When reason takes a furlough
Forget, for a moment, whether our country is or isn’t being flooded by illegal immigrants. What’s flooded our headlines in recent weeks is how 800,000 federal workers were furloughed for 35 days.
Count the number of times the word “dire” was used to describe the situation. But like so many stories, there’s another side that seldom is heard.
Half the workers weren’t really furloughed. They still reported to work. They just weren’t paid. But even that’s only part of the story. They missed only one paycheck — on Jan. 11. And now that the shutdown has ended, they’ll get back pay for that. So unless they were living paycheck to paycheck and had maxed out their credit cards, they’re fine.
What’s important to note is that the 400,000 or so who stayed home throughout the shutdown also will be paid. Whether that constitutes a “dire” furlough or 35 days of extra paid vacation at taxpayer expense is in the eye of the beholder — just like whether an almost $6 billion wall along the U.S.-Mexico border is an essential or a folly.
Contrast that to what’s been happening for months at Hillsboro Community Hospital. Employees and vendors haven’t been paid — and probably never will be. Since fall, employees have been putting up with layoffs and canceled insurance coverage, yet rarely did we hear a peep of complaint from them.
Is that because someone told them not to talk? Is it because they’re stoic people who don’t complain as much as federal workers do? Or is it because they believed in the jobs they were trying to do and didn’t want to jeopardize the future of medical care in Hillsboro?
We may never know for sure, but the situation most assuredly was a lot closer to dire than whatever the federal workers faced.
For more than a month we’ve been inundated with stories about airport screenings, meat inspections, tax refunds, aid to families, and agricultural assistance applications potentially being impacted by the shutdown.
Yet a quiet but noticeable shift in how patients that county ambulances picked up in the Hillsboro area were being sent to hospitals in Newton and Marion instead of Hillsboro never garnered headlines because no one was willing to talk.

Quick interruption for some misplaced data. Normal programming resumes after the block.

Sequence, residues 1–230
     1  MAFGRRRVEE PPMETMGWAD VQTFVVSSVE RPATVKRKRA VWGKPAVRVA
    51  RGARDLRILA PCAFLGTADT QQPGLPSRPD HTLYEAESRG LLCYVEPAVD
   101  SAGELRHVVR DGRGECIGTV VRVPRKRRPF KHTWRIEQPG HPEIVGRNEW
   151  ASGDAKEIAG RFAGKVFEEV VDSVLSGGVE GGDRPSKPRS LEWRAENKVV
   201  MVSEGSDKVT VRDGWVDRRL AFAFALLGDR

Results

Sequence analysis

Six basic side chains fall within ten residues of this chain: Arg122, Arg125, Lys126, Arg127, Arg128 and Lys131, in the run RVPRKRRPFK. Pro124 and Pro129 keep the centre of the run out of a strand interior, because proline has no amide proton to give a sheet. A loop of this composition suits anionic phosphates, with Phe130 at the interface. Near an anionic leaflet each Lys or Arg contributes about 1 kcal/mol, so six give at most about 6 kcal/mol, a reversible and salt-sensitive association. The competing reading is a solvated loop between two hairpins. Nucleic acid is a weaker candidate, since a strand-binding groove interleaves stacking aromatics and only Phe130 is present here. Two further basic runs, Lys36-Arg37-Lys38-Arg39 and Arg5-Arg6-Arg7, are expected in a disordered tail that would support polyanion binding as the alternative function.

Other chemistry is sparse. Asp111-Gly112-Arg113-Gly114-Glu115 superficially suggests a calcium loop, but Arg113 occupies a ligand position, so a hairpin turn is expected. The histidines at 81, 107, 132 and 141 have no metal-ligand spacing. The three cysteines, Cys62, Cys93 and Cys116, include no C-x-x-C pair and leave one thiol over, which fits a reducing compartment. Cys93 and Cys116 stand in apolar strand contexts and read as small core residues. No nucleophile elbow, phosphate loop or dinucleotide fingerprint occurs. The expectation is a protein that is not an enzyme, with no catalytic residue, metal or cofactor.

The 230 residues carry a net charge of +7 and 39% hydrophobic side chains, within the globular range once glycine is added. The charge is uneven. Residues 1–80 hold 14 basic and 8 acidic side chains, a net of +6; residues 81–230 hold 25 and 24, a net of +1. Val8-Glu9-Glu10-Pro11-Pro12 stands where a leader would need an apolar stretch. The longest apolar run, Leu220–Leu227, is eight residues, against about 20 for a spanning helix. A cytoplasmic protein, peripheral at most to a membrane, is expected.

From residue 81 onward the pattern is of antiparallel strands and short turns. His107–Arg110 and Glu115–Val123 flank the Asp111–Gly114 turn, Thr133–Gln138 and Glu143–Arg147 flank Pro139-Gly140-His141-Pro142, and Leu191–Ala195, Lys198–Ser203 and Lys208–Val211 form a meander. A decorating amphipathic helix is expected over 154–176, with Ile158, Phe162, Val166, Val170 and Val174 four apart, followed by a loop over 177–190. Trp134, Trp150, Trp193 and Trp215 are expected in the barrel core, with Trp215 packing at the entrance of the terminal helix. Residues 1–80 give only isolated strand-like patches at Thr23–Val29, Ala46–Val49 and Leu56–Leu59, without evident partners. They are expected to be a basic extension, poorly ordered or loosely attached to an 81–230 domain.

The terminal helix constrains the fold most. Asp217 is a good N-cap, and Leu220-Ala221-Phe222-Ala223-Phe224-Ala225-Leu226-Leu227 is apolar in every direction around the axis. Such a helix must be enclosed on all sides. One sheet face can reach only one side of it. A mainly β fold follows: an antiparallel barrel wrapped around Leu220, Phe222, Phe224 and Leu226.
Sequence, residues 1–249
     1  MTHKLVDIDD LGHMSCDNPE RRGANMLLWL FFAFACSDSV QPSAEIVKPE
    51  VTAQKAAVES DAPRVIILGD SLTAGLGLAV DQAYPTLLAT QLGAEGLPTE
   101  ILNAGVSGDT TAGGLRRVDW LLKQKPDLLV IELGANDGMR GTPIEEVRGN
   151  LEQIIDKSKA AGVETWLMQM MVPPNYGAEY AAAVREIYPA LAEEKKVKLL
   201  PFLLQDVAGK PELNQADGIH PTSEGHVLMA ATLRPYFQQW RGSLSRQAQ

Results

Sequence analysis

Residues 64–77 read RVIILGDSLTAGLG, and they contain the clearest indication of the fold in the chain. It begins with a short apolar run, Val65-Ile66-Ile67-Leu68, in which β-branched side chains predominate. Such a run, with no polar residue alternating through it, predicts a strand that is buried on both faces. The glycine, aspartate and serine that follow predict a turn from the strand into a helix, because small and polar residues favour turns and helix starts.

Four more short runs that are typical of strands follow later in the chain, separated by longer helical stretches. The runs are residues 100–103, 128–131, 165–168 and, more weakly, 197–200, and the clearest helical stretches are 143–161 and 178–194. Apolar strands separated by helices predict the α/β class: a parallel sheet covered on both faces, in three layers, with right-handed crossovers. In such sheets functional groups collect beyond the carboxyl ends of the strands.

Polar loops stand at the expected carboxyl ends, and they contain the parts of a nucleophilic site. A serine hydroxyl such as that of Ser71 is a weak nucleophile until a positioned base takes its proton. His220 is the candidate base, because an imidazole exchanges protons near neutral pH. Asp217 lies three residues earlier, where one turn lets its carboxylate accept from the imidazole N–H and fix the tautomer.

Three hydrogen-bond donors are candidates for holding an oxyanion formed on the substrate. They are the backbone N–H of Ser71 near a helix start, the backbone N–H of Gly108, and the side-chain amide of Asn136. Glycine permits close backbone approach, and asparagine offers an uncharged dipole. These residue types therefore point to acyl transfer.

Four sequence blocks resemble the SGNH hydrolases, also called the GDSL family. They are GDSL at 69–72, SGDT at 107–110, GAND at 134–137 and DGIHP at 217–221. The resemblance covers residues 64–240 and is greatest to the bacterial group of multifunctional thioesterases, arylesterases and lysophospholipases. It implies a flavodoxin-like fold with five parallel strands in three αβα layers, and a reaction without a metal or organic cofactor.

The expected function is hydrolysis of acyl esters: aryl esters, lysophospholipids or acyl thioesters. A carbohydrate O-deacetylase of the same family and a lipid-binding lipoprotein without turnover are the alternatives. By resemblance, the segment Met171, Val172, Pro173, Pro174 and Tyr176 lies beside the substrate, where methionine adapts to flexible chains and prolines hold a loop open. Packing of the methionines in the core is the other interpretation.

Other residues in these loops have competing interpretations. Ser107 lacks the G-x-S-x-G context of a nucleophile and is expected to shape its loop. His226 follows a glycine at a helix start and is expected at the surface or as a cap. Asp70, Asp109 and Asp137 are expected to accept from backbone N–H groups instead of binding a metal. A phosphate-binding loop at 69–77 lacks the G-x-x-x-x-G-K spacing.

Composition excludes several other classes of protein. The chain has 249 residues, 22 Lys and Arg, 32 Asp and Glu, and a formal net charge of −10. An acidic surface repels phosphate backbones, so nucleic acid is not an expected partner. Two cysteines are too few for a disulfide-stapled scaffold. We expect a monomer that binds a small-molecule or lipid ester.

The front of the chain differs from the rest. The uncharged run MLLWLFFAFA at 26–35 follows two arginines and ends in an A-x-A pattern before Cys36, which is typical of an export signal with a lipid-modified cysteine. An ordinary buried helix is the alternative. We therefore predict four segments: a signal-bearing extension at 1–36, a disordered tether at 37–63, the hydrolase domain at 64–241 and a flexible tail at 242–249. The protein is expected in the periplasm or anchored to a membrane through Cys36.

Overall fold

These days, public debate is all about how you frame an issue.
Last week we questioned whether it would be best for an already divided county commission to add a candidate whose first few words after being nominated were divisive and venomous, expressing and repeatedly using the word “hate.”
The response, from one of the candidate’s apparent supporters, published elsewhere on this page, was not to deny that the candidate appears to hold a negative grudge but rather to try to turn the tables and criticize us for pointing it out and somehow being an outsider.
Maybe it’s time to tell another part of that story, too — the personal part.
I’m not associated with this newspaper because I inherited it. Twenty years ago, I put up half the cash to buy it to prevent it from being sold to a distant chain that would slash reporting and fill its pages with out-of-town ads.
Despite a full-time job that requires me to spend eight months of the year elsewhere, I’ve devoted every vacation and free moment to this paper since then.
It’s not about money. I don’t get paid. In fact, I’ve never taken a cent out of the newspaper in dividends, salary, or even expenses.
Like it or hate it, what I’m doing is entirely about trying to give back to the city and county where I was born, grew up, and hopefully someday will retire.
Unlike some publications, our goal isn’t to create some newspaper empire that drives local consumers to distant businesses. It’s about making sure our local community is as vital as it can be.
And we often do that not by telling you what to think but by giving you as much information as we can, so you can make up your minds on your own — as informed members of society, not caught up in all the different ways various stories can be spun.
Time will tell whether this is a mission worthy of Don Quixote or is condemned to fail because we can’t long term live up to the accolades we won last year in being named the state’s best mid-size non-daily for both news and advertising.
It’s kind of like how I deal with my cat each day. We have a ritual that I must supply a fresh helping of ocean whitefish and tuna pate the first time I walk by her dish after the sun rises and again after the sun sets.
Mornings like this, when I pass by her dish before sunrise, leave her completely confused. Intelligent and scheming as they seem to be, cats like things simple.
Some people do, too. But our democracy depends on people thinking a bit more than cats do. As informed citizens, we have to consider the complexities of issues — the hidden other sides of the story that papers like ours try to reveal.
Succeed or fail, the future of democracy and our communities depends on it.
— ERIC MEYER
Last modified Jan. 30, 2019